ROSS MARGULIES:   I think one area where there is going to be increasing dissuasion particularly in this upcoming Congress, as well as at the administration, is on value-based care, and in particular how to pay for these new wave of gene therapies and particularly expensive drugs. And I am curious to see how existing formulary management tools may or may not be helpful in grappling with those costs, and what sort of arrangements, whether it’s outcomes based contracting, Or other types of you know, “value-based” arrangements, and how do we define that, will help us tackle both those high-priced therapies, but also may service tools for the issues we are talking about today.


LIDA ETERNAD: So Ross stole mine. I would agree, I think as we look to the future, and we look at the increased prices of drugs that are coming to market, value-based payment, outcomes based payment, is a very important part to drive in the overall affordability and the value that we get from medications. And so the one thing I — or two things I’d like the audience to take away from this is the — there are a number of policies in place today, of regulations in place today, that impede our ability to get to value-based or outcomes based methodology. A couple of those would be how ASP is determined ,and then how Medicaid best price is determined. So if there is something that we can think about, and look to on how to make it more accessible to do value-based payment, that’s something that I would encourage this group to think about and bring back to their daily jobs.


JACK HEADLEY:  So I’m also thinking about those increasingly high priced drugs that are entering the market, and this discussion of rebates. Rebates really require a competitive market.  And as we move into some of these new kinds of drugs that are entering the market, a lot of them are going to enter without direct competitors, and some of the more personalized kind of drugs may never have direct competitors because of just the nature of the science. And so it’s one thing to talk about the role of rebates around drug classes where there’s good competition and there’s something to trade-off — I’m getting a rebate because I’m getting a preferred position over my competitor. We really have to think about other tools when we are thinking about single source drugs and drugs that really lack competition. And whether there’s a role in those cases for government negotiation or some other mechanism — value-based pricing could be part of the solution on that. But just remember that the whole rebate discussion requires there be a competitive market in a particular drug class, and when you get to single source, that’s not where we are.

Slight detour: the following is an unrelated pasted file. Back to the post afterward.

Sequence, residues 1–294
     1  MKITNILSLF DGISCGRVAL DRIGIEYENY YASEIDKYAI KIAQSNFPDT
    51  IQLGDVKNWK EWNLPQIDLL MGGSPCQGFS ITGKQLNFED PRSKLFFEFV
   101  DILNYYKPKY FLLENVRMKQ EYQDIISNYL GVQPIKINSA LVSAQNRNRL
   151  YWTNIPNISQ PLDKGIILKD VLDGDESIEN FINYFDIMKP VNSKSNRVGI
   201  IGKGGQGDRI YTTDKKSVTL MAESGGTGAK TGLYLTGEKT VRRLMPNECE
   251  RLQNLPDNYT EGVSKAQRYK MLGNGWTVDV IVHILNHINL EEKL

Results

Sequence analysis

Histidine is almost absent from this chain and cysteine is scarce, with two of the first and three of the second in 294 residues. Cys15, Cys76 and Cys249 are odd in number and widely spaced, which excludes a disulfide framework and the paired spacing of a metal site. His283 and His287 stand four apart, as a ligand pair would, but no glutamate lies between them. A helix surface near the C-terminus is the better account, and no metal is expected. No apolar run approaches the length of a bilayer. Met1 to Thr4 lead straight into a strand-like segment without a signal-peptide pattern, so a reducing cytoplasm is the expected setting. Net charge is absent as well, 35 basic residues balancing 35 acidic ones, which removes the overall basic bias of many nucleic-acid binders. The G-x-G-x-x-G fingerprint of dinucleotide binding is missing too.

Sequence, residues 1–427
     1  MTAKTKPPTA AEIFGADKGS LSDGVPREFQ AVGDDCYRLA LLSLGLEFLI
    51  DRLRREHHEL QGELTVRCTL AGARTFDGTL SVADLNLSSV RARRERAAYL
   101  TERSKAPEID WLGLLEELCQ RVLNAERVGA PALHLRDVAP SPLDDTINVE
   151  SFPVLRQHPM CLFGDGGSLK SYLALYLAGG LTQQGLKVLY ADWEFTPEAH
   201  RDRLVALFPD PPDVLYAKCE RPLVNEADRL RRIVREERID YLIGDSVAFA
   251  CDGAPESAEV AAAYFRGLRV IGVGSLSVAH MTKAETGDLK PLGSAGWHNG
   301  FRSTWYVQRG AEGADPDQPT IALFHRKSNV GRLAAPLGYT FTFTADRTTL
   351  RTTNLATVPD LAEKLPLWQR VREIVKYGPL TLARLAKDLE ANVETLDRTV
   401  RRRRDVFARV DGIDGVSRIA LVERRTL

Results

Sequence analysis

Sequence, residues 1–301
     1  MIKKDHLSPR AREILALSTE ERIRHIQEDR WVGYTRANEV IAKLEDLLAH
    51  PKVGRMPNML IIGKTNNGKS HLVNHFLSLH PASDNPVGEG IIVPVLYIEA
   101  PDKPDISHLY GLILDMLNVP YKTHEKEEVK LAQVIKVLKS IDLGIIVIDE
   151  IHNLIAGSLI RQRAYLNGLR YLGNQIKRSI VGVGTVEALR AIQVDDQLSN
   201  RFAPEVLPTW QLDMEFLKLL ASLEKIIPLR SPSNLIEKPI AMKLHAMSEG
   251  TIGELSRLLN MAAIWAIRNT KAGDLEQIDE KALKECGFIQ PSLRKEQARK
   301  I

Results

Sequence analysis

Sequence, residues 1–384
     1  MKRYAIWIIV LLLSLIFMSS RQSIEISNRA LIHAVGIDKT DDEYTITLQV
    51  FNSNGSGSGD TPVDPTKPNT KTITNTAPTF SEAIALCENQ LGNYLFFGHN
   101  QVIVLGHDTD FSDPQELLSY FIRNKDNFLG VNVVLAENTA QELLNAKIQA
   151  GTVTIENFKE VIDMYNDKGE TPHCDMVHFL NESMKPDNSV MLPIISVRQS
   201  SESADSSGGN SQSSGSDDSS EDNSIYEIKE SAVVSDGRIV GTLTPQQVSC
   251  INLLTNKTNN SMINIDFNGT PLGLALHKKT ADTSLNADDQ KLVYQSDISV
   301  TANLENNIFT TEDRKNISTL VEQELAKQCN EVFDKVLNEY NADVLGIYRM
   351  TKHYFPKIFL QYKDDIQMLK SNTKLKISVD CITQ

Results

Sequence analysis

GERALD ANDERSON:  So bigger bundles are better. And so essentially what we have is we’ve talked about the pharmaceutical industry outside of the rest of medical care, and that’s the way it’s been for a long time. And we need to bring pharmaceuticals in, because sometimes pharmaceuticals are big savers, and keep you out of the hospital, keep you out of the doctor’s office, have a lot of value. In other cases, they have very little value, but if they are paid separately, nobody has that incentive to make the tradeoff between pharmaceuticals and other medical services.


SARAH DASH:   Sounds like, Gerry, you and Lance might have kind of started and ended on the same theme, which is kind of looking at total cost of care, and the role of medicines in that. So with that, my wish for the audience that you take away from this is I hope we’ve shed some light on some of the complexities of the topic today. Again, fill out your evaluation form. If there is something else you need to know. And finally, we have one more briefing left in the 2018 calendar year at the Alliance for Health Policy, it will be next Friday on a totally different topic, we are going to be looking at aging in homes and communities. So join us on December 7th, and please join me in thanking our panel today.